I went completely blind in one eye after making common mistake with my contact lenses | The Sun

CONTACT lenses can sometimes be difficult to get in and out.

But one woman has claimed that she has been left blind in one eye after making a common mistake.

Kyra Smith said she rinsed her lens out in tap water before putting it back in her eye in March 2021.

Just weeks later the 25-year-old contracted  acanthamoeba keratitis – a sight threatening infection of the cornea.

She has now gone completely blind in one eye and is warning others of the dangers.

The dental office worker explained that she had put her contacts in to go to work and felt a bursting sensation in her left eye – but didn't think too much of it.

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Kyra, who lives in New Mexico, US, said: "When I got back home that night after my shift I took out my contact lenses and my eye was noticeably red but it wasn't hurting or anything at that point.

"I just thought it had to do with my contacts because they can be kind of uncomfortable and irritating for the eye.

"The next day I woke up and my eye was more red and by that night it was starting to hurt more and that's when I started to become worried.

"The next day I went to an eye doctor and he couldn't give me a definitive answer of what was going on but he thought it could be some kind of infection so he gave me some eye drops."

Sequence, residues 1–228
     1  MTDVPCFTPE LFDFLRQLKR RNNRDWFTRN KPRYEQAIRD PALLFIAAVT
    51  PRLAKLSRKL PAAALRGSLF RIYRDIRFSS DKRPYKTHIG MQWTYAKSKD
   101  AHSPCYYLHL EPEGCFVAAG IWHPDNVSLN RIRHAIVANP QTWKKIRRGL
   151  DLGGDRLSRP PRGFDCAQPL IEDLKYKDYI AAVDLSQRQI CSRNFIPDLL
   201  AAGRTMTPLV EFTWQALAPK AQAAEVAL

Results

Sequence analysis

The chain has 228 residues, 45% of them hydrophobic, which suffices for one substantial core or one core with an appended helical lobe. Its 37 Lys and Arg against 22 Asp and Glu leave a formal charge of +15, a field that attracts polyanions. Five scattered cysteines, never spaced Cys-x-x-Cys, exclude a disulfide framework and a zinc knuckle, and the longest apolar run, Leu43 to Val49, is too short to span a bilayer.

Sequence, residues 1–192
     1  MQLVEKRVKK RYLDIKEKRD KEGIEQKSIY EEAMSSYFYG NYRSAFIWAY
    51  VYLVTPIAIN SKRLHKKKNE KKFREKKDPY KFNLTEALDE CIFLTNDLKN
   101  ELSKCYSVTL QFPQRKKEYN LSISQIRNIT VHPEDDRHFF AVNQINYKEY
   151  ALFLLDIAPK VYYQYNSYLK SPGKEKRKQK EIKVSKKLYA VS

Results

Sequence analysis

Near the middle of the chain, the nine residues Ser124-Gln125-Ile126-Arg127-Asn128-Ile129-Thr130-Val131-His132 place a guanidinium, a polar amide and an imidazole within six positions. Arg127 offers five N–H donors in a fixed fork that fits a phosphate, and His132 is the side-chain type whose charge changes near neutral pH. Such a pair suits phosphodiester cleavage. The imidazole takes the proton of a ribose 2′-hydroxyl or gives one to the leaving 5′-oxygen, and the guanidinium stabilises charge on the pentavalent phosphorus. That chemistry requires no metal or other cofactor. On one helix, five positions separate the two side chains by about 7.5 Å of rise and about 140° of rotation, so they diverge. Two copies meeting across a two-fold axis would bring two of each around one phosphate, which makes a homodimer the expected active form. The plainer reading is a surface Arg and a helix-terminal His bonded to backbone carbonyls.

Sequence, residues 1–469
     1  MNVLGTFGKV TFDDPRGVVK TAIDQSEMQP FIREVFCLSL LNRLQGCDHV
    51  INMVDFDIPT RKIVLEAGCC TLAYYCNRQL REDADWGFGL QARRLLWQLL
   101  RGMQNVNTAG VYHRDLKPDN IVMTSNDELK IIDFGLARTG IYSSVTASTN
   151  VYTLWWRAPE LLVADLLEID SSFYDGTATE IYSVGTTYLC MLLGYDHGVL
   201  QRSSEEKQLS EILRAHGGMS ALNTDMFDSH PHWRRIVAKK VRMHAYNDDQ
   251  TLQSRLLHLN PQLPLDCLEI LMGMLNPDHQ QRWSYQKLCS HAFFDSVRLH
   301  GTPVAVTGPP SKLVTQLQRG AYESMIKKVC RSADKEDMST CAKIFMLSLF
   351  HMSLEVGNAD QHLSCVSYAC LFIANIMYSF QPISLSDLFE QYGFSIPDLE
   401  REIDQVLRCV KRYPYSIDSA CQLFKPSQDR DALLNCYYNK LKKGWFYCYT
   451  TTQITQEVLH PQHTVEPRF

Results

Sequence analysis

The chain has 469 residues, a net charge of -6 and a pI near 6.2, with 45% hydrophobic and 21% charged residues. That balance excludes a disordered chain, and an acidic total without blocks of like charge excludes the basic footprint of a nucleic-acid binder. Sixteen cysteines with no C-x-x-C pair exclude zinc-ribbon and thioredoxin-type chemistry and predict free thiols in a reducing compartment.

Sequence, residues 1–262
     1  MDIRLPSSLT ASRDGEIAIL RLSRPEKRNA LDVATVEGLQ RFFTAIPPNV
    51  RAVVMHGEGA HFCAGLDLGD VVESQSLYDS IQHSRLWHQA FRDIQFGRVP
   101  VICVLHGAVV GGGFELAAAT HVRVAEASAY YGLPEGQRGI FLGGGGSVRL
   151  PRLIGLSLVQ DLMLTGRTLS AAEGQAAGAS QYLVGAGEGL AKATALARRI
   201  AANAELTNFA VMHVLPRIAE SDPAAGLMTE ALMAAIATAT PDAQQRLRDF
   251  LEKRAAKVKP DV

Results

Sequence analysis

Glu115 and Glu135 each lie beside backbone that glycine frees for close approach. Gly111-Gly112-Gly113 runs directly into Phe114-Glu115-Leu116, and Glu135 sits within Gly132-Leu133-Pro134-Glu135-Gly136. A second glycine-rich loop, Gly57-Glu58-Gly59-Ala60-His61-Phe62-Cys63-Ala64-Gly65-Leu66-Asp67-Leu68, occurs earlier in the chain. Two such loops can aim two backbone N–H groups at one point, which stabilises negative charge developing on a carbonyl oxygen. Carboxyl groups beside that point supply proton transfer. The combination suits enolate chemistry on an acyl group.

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Kyra went home and was in pain with her eye and said she was experiencing light sensitivity.

Because of this she went back to the eye doctor, who re-examined her.

He had been looking at her eye with a microscope and exclaimed 'what is this', which Kyra said 'really scared her'.

She said: "After six weeks of back and forth they still couldn't tell me what was wrong with my eye – they told me at one point that it could be herpes and gave me medication but that wasn't working.

"After that things went downhill – my light sensitivity was getting so bad that I couldn't be outside or look at my phone and it would travel to my other eye so even using my good eye was hurting badly.

"I started losing my sight in April and it was very rapid after that – it started as a blur in the corner of my eye and spread and within two weeks my sight was completely gone."

After going to a different specialist, she was told she had acamthoeba.

What is acanthamoeba keratitis?

Acanthamoeba keratitis (AK) is an infection of the cornea.

It's caused by a common microscopic organism called Acanthamoeba, which is usually found in bodies of water such as lakes, oceans and rivers.

It also lives in domestic tap water, swimming pools, hot tubs, soil and air.

AK is most common in people who wear contact lenses.

This is because they're more likely to have used a solution that hasn't cleaned their lenses effectively, or their lenses have become contaminated with water.

However, anyone with a corneal injury is susceptible.

What are the signs you need to know?

According to CooperVision, symptoms include:

  • sensitivity to light and excessive tearing